27 February 2013 | drednm
Wonderful May Robson
May Robson stars as Mary Jane Baxter, the world's richest woman. She's a mean old thing, cantankerous, demanding, and she loves only her dog. Her snarky family is trying to have her declared insane so they can get her money. She's an eccentric who always wears a long thick veil.
One day while riding in her carriage, she collides with a car and the carriage is overturned enough for Mary Jane to fall out. The horses bolt, leaving the old lady lying in the road.
Along comes a jalopy. The kids carry the old lady back to their house. The little kid is called "Doc" and he tends to her wounds. Meanwhile the stupid police believe Mary Jane Baxter has been kidnapped.
At first Mary Jane is confused and yells and screams at everyone but eventually she regains her memory and warms to the bizarre tenement household where she decides to hide out from her family, But then she is really kidnapped by gangsters.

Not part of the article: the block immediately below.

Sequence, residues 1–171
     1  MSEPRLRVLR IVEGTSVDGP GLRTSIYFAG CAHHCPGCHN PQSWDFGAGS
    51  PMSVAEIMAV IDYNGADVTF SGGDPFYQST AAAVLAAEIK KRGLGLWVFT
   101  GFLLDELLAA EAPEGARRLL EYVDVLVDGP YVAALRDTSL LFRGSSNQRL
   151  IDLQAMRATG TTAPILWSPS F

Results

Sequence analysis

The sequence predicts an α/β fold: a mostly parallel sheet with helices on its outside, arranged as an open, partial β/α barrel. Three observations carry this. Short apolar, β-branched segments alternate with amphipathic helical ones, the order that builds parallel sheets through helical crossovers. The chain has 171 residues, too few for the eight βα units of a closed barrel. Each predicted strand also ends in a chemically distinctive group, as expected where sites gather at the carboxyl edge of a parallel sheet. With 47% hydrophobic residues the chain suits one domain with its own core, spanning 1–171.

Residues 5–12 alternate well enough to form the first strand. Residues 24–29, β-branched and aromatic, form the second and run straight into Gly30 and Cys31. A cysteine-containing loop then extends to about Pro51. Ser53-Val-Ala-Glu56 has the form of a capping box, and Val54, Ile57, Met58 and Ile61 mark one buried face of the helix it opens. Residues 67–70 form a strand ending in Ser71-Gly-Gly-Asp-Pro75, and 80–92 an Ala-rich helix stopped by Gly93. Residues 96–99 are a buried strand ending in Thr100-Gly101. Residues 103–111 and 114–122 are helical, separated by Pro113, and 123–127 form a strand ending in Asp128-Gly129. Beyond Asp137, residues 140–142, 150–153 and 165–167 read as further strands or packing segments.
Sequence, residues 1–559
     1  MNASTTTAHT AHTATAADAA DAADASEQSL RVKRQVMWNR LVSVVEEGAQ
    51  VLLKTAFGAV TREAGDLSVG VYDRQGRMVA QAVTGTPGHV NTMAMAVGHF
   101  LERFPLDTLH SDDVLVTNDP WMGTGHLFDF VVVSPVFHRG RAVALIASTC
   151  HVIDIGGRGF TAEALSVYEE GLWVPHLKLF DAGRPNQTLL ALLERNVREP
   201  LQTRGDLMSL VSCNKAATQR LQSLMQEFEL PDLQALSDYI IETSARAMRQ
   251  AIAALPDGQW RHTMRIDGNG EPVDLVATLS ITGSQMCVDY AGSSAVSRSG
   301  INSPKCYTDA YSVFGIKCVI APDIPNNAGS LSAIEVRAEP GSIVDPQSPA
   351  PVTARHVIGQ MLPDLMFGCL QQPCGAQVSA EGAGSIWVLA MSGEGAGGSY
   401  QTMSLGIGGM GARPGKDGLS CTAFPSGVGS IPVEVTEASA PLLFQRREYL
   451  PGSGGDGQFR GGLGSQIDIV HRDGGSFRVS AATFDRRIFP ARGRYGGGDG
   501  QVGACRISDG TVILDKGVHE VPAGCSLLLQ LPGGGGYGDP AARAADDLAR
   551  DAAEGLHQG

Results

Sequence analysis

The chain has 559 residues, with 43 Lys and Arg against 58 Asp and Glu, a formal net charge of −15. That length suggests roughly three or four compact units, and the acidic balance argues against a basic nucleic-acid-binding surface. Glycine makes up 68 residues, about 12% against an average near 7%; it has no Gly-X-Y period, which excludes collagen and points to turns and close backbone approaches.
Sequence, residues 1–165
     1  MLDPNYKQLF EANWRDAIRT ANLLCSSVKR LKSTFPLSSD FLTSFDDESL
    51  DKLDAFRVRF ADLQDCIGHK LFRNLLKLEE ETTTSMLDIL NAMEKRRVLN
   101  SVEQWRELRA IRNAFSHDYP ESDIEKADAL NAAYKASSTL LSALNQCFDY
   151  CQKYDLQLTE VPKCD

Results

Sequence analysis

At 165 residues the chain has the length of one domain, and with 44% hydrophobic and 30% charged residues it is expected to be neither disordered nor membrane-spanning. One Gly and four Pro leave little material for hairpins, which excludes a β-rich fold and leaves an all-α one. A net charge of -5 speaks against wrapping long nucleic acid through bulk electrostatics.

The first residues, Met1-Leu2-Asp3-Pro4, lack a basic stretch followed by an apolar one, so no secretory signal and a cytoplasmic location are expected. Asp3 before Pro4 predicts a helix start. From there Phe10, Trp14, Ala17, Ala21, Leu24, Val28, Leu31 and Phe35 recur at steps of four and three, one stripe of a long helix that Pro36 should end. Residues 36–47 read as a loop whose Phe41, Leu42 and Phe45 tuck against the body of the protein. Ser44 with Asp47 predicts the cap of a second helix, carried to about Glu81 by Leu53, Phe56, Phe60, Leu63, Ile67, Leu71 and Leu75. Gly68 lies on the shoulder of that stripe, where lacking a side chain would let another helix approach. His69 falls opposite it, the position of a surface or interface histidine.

May Robson is just plain superb in this little film, completely believable as the eccentric millionaire and just as believable as the old lady whose heart is melted by the troubled kid. Other pleasures of this film include major supporting parts for two great character actors: Henry Armetta as Tony the barber who has taken in the kids as his own, and Herman Bing as the Hungarian neighbor. Like Robson, they are a joy to watch.
Frankie Darro is 18 here and sweet on Tony's daughter, played by Charlotte Henry (already in her 20s, but playing younger. Doc is played by Billy Burrud (later the host of many animal shows on TV), and Billy Benedict plays the gangly Flash.
Others in the cast include John Miljan as the lead gangster, Henry Kolker as the crooked lawyer, Ward Bond as a cop, Lillian Harmer as the whiny maid, and Hedda Hopper as Mrs. Cummings. Lots of other familiar faces like Ferdinand Gottschalk, Noel Madison, Tom Dugan, Irving Pichel, Hale Hamilton, E.E. Clive, Barbara Bedford, Jonathan Hale, and George Irving as the judge.
A good old-fashioned film with lots of sentiment and great performances. This was remade in 1946 as LITTLE MISS BIG with the tenement characters all Irish.